Bill and Nancy laud their workers for such growth and stability. Some salesmen worked 10 or 20 years, and three early employees stayed at Bill’s for more than four decades. Two of them retired a few years ago, while Ron Cook continues to repair and tune up instruments just as he has since 1965.

Their children have worked there for decades. “It’s time to give them a shot at running things,” says Bill, who says COVID concerns kept him away from the store for more than a year. “They’re ready for it.”

The next generation is firmly in place. Brian started working at Bill’s at 14 and now has his father’s job. Tracey has taken over her mother’s job, handling the accounting and paying the bills. She also oversees the music lessons. Jamie manages the website and online sales, as well as social media. Tracey’s husband, Leni Kern, works in online sales, too.

“At this point, we have customers bringing in their kids,” says Brian. “In fact, I see customers who bought their first guitar here bringing in grandchildren for their first guitar.”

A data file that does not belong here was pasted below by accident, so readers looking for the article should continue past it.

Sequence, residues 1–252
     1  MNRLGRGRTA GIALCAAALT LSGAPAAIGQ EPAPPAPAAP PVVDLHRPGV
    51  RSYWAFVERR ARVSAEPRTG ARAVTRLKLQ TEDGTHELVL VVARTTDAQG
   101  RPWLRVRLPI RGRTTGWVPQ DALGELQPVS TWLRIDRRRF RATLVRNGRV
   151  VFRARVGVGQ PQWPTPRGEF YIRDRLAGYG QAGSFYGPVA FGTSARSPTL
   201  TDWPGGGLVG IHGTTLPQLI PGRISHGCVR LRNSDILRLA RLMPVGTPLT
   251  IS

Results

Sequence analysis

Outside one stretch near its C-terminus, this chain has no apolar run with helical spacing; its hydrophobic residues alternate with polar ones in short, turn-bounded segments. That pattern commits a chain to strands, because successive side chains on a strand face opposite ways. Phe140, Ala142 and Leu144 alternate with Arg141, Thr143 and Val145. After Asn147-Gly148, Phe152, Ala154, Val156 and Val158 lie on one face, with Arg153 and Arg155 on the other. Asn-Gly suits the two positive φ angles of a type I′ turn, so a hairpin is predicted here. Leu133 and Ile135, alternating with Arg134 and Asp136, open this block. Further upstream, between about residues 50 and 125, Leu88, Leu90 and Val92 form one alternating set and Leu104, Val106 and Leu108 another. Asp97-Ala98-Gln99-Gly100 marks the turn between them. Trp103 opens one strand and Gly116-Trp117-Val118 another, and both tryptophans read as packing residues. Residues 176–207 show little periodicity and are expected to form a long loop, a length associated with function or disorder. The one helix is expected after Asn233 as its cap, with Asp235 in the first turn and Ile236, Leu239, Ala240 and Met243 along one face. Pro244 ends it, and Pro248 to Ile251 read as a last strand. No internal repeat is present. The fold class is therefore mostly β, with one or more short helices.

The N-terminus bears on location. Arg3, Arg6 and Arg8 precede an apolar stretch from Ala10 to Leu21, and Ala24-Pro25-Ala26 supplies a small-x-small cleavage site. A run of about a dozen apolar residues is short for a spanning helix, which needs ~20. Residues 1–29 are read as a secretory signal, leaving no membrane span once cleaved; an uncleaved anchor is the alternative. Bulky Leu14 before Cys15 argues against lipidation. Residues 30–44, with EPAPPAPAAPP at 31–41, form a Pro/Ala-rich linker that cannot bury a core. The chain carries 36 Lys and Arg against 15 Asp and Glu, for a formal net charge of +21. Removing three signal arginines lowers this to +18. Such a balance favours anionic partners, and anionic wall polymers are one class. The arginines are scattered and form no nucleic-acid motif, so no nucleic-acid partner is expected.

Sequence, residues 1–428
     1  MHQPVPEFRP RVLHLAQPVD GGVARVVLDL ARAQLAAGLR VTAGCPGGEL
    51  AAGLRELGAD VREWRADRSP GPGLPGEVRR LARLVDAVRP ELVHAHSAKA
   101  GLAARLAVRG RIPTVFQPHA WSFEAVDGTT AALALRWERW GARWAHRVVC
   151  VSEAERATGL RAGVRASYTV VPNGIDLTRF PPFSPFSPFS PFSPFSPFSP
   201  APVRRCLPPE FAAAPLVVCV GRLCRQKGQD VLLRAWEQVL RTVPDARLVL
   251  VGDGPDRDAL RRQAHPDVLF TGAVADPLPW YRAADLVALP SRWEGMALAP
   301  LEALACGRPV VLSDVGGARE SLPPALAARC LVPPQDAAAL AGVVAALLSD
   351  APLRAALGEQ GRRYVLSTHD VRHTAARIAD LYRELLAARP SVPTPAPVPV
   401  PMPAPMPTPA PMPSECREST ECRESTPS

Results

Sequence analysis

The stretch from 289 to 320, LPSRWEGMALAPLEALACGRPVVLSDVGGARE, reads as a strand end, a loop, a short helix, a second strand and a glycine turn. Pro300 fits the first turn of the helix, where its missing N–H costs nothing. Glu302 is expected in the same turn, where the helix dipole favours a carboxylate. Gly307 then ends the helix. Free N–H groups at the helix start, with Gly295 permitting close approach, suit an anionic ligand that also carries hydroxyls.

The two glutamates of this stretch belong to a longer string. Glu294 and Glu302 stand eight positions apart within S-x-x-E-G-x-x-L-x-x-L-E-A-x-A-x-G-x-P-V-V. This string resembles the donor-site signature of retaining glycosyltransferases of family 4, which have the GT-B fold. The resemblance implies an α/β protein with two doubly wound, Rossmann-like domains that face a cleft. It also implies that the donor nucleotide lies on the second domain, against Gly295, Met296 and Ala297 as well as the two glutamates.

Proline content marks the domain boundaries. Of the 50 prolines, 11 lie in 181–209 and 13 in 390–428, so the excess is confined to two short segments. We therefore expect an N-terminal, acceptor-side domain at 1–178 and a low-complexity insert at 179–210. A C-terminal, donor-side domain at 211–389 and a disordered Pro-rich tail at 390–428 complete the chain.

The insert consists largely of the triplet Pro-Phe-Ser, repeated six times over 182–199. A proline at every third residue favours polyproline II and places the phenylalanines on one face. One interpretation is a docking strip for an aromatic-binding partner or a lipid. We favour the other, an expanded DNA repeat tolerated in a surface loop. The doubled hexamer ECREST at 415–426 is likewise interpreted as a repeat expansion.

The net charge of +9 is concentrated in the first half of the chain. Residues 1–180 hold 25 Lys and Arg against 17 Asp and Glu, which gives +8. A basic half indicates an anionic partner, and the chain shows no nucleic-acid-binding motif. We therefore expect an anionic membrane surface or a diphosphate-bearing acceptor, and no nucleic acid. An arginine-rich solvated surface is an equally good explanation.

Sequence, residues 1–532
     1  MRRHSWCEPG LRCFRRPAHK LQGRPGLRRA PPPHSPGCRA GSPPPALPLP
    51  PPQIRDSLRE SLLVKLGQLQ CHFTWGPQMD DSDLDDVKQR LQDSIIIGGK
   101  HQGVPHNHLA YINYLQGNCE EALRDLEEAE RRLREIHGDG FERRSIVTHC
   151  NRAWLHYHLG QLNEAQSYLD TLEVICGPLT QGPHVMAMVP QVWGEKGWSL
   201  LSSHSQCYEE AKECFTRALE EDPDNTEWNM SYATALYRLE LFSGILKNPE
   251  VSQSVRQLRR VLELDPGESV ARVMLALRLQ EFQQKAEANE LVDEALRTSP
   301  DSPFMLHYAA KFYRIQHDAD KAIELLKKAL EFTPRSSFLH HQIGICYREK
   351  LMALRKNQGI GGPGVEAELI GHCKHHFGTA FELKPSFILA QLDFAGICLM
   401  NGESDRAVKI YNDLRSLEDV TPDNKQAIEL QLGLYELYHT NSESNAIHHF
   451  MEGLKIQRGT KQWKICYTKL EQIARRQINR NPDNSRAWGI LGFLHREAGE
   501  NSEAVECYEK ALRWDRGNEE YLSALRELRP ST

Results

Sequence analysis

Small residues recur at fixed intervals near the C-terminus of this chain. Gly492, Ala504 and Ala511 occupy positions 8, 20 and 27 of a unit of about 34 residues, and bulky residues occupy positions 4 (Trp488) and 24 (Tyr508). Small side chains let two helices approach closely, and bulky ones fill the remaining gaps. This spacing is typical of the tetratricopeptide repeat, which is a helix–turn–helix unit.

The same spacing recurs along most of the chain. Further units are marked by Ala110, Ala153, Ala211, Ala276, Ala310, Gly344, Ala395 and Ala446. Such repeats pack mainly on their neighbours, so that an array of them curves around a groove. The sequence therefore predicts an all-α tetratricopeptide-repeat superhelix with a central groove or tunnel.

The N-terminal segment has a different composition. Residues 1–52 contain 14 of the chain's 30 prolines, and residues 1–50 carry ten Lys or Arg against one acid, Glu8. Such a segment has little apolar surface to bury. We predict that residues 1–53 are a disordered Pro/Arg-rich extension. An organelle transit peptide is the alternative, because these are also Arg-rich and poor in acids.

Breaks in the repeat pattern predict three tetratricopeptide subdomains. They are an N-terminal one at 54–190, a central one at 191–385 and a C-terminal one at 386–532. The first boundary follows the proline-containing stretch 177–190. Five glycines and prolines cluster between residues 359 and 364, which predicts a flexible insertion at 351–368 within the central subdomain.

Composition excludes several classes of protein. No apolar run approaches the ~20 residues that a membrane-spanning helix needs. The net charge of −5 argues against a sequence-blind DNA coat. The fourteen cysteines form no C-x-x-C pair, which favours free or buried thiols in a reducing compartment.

Jamie sees more women coming in, especially young girls. “They’re 10, 11, 12 years old,” she says, “and they’re coming for electric guitars and drums. Before, they might be getting violins or flutes, but girls are branching out.”

“We see it in our lessons program, too,” says Tracey. “There’s a new generation of girls coming for lessons and taking over a little bit with the rock instruments.”

Guitars and amps are still the most popular sellers at Bill’s, but changing tastes have led to a more robust stock of electronic gear as more people make music on computers or give podcasting a try. Sales soared during the pandemic.